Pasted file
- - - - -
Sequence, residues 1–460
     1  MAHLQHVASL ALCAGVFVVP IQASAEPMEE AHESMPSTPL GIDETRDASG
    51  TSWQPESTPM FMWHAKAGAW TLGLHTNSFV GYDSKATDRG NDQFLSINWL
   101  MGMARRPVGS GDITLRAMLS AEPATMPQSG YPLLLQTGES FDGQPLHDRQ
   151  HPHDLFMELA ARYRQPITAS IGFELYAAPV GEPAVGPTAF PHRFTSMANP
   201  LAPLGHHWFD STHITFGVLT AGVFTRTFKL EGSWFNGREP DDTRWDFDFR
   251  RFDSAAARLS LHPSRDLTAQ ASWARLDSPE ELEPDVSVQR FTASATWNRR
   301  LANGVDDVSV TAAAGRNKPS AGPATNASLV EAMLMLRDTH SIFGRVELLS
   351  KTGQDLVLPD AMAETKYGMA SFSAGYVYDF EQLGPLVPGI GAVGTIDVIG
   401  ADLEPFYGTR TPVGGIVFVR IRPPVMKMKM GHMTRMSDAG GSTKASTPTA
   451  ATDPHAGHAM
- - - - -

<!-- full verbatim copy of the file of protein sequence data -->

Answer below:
Sequence, residues 1–460
     1  MAHLQHVASL ALCAGVFVVP IQASAEPMEE AHESMPSTPL GIDETRDASG
    51  TSWQPESTPM FMWHAKAGAW TLGLHTNSFV GYDSKATDRG NDQFLSINWL
   101  MGMARRPVGS GDITLRAMLS AEPATMPQSG YPLLLQTGES FDGQPLHDRQ
   151  HPHDLFMELA ARYRQPITAS IGFELYAAPV GEPAVGPTAF PHRFTSMANP
   201  LAPLGHHWFD STHITFGVLT AGVFTRTFKL EGSWFNGREP DDTRWDFDFR
   251  RFDSAAARLS LHPSRDLTAQ ASWARLDSPE ELEPDVSVQR FTASATWNRR
   301  LANGVDDVSV TAAAGRNKPS AGPATNASLV EAMLMLRDTH SIFGRVELLS
   351  KTGQDLVLPD AMAETKYGMA SFSAGYVYDF EQLGPLVPGI GAVGTIDVIG
   401  ADLEPFYGTR TPVGGIVFVR IRPPVMKMKM GHMTRMSDAG GSTKASTPTA
   451  ATDPHAGHAM